It turns out Gov. Gavin Newsom was deadly serious when he insisted as a candidate last year that California needs to build 3.5 million new housing units over the next ten years in order to solve its affordable housing crisis. That’s a total of 3.5 million, more than double what builders around the state have put up in any of the last few decades.
Newsome resent that message a few weeks into his new job, when he successfully urged Attorney General Xavier Becerra to sue the Orange County city of Huntington Beach for allegedly failing to allow enough new housing to handle its population growth.
With about 202,000 residents, the median home value in “Surf City” tops $830,000, according to the website Zillow.com. Typical one-bedroom apartments there rent for between $1,500 and $2,700 per month. For those rents to eat up less than 30 percent of a tenant’s income, the renter must earn more than $60,000 per year, making many tenants “rent-burdened” by federal standards.
The state lawsuit charges Huntington Beach has for years ignored a state law requiring cities to zone land for new housing construction. Meanwhile, many city residents feel Huntington Beach is growing too fast.
So the Newsom/Becerra lawsuit is likely just the first salvo in a state vs. local conflict over the governor’s preferred way of solving the housing problem.
But even if cities like Huntington Beach can be forced to allow the millions of “affordable” units Newsom and some activist state legislators want, it’s highly questionable they can solve the most visible part of California’s housing crunch – homelessness.
Yes, cities have built thousands of transitional housing units (generally small apartments) for formerly homeless persons, who pay low, federally subsidized rent. But that hasn’t reduced homelessness.
“Every time we build new units and move people in, at least the same number of homeless people move into whatever cities do the building,” said the city manager of a city of more than 100,000, who previously was the top administrator of two other cities. “With our climate and our policies, we are attracting homeless people from all over America.”
Then there’s the question of affordability. Anyone who’s visited a homeless shelter like those in gymnasiums and National Guard armories on cold winter nights will know that not many of their occupants could afford even low rent.
So while affordable housing in most cities is set up to remain relatively low-priced a long as it stands, well below market rates, the rents or costs to buy are still above what most homeless folks can pay. Especially the large component of the homeless who are mentally ill, but not institutionalized, largely because of policies that began almost 50 years ago, when then-Gov. Ronald Reagan spurred the shutdown of several public mental hospitals, intending to replace them with community-based housing.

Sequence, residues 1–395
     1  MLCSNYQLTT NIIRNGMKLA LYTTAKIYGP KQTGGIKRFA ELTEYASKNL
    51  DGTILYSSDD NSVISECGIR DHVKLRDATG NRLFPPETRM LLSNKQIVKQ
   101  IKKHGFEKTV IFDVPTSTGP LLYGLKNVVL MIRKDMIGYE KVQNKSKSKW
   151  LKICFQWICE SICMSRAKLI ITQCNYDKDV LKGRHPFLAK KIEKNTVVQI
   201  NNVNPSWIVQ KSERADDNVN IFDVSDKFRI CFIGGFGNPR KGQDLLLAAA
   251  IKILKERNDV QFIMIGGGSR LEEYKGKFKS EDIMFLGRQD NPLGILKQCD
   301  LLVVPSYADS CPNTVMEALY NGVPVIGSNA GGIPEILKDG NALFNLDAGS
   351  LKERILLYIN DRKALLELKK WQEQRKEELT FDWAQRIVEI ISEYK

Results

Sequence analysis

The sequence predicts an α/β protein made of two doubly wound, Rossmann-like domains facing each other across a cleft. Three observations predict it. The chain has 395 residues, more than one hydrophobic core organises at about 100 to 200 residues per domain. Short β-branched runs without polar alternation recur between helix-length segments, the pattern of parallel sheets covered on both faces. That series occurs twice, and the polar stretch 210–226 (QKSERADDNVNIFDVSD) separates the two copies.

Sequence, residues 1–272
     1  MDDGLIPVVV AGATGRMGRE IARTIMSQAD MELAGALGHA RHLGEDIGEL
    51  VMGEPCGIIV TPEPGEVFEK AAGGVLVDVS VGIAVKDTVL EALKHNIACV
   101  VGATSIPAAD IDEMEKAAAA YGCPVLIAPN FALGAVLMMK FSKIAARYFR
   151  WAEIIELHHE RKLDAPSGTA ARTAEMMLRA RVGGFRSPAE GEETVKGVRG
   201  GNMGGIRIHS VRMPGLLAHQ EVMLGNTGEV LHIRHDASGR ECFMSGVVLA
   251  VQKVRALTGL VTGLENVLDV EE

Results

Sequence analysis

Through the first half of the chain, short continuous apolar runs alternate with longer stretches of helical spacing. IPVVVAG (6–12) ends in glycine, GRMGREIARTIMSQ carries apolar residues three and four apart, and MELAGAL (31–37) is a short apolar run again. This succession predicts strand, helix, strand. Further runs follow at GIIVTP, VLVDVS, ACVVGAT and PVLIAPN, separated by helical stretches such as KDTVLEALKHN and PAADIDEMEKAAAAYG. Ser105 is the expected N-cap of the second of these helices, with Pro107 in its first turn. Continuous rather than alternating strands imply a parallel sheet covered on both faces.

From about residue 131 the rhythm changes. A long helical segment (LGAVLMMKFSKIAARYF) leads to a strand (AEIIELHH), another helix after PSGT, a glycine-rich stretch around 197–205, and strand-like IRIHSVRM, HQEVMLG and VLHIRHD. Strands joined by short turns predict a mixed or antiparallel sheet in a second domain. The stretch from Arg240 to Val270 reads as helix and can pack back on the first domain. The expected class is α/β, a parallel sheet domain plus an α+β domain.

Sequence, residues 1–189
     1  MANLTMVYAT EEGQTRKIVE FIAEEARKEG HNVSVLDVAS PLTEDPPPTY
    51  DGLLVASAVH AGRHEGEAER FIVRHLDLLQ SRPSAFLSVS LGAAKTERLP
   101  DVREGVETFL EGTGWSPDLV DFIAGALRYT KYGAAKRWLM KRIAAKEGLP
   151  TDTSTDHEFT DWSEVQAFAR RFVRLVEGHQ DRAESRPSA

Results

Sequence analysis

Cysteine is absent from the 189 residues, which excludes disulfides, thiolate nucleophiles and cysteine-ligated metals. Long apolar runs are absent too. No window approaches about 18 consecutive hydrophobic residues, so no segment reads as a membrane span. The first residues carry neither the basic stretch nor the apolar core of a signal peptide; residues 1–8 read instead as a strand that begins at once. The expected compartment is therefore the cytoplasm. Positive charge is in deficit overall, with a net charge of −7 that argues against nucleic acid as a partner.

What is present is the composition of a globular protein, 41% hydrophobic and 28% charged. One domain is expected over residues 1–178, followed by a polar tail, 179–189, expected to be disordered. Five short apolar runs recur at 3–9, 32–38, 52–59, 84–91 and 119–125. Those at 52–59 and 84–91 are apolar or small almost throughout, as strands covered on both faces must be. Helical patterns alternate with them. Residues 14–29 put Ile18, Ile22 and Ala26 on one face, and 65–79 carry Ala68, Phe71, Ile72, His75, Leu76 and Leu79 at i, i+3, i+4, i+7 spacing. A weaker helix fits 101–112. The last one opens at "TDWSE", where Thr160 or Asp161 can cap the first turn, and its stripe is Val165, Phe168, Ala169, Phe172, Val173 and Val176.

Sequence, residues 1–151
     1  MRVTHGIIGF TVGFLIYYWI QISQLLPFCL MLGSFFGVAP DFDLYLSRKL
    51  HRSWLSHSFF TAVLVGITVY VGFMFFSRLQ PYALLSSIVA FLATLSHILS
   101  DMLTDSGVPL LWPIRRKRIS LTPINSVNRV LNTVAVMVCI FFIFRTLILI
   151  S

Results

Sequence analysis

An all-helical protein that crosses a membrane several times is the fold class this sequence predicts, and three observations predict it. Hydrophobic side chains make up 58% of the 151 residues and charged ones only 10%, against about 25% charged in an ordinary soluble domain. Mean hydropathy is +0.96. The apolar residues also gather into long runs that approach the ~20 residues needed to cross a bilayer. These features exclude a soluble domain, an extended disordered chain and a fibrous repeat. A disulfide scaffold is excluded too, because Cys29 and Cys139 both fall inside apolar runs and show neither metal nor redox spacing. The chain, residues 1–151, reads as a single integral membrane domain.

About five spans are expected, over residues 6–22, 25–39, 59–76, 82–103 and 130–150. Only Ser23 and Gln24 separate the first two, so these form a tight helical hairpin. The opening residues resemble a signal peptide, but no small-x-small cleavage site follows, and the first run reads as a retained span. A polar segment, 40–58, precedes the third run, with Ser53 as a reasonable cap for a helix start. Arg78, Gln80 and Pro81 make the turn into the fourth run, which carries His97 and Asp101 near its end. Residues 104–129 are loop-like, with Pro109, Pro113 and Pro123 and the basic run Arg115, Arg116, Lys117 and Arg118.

Such housing never materialized in significant quantities, and mentally ill homeless became a California staple.
Meanwhile, rents on affordable apartments generally run about 30 percent of the median income in any region. Under those terms, an affordable unit in the Los Angeles region would rent for about $1,350 per month, more in the San Francisco Bay area.
Not exactly affordable if you’re unemployed, mentally ill and living on the streets.
So it’s naïve to believe affordable housing or the governor’s new initiative can solve the homeless problem.
And there’s still the problem of housing being too expensive for even middle-class workers to buy. So the percentage of renters in California continues to rise, meaning that ever fewer residents feel rooted in the state, with a stake in its future.
All this makes some wonder if it’s sensible to invest heavily in affordable housing. In 2017, the average affordable unit in the state cost $425,000 to build if it was part of a project of 100 units or more. The cost was higher when fewer units were involved.
This picture leaves many questions to be answered before the state goes full blast on a government-funded or government-mandated home building spree. But don’t expect anything to dampen Newsom’s deeply felt drive to solve the housing issue, and quickly.
Email Thomas Elias at firstname.lastname@example.org. His book, “The Burzynski Breakthrough, The Most Promising Cancer Treatment and the Government’s Campaign to Squelch It” is now available in a soft cover fourth edition. For more Elias columns, visitwww.californiafocus.net